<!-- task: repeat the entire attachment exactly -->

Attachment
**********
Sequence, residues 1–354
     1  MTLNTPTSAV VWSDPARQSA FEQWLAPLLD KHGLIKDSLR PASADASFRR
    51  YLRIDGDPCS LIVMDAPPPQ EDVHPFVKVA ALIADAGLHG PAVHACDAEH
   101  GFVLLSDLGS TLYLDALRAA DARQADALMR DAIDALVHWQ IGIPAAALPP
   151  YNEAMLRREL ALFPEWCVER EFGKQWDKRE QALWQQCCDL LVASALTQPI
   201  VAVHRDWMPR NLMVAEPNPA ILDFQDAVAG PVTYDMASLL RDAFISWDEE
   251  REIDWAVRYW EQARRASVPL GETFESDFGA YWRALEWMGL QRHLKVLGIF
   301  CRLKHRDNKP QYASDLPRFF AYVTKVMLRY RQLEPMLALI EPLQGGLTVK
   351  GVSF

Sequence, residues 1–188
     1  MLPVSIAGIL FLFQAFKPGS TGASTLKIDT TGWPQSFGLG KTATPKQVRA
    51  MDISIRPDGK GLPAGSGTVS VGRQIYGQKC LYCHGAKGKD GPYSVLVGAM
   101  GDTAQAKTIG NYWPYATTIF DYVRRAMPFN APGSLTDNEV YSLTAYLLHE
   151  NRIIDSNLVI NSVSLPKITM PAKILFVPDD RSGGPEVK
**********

Sequence, residues 1–354
     1  MTLNTPTSAV VWSDPARQSA FEQWLAPLLD KHGLIKDSLR PASADASFRR
    51  YLRIDGDPCS LIVMDAPPPQ EDVHPFVKVA ALIADAGLHG PAVHACDAEH
   101  GFVLLSDLGS TLYLDALRAA DARQADALMR DAIDALVHWQ IGIPAAALPP
   151  YNEAMLRREL ALFPEWCVER EFGKQWDKRE QALWQQCCDL LVASALTQPI
   201  VAVHRDWMPR NLMVAEPNPA ILDFQDAVAG PVTYDMASLL RDAFISWDEE
   251  REIDWAVRYW EQARRASVPL GETFESDFGA YWRALEWMGL QRHLKVLGIF
   301  CRLKHRDNKP QYASDLPRFF AYVTKVMLRY RQLEPMLALI EPLQGGLTVK
   351  GVSF

Sequence, residues 1–188
     1  MLPVSIAGIL FLFQAFKPGS TGASTLKIDT TGWPQSFGLG KTATPKQVRA
    51  MDISIRPDGK GLPAGSGTVS VGRQIYGQKC LYCHGAKGKD GPYSVLVGAM
   101  GDTAQAKTIG NYWPYATTIF DYVRRAMPFN APGSLTDNEV YSLTAYLLHE
   151  NRIIDSNLVI NSVSLPKITM PAKILFVPDD RSGGPEVK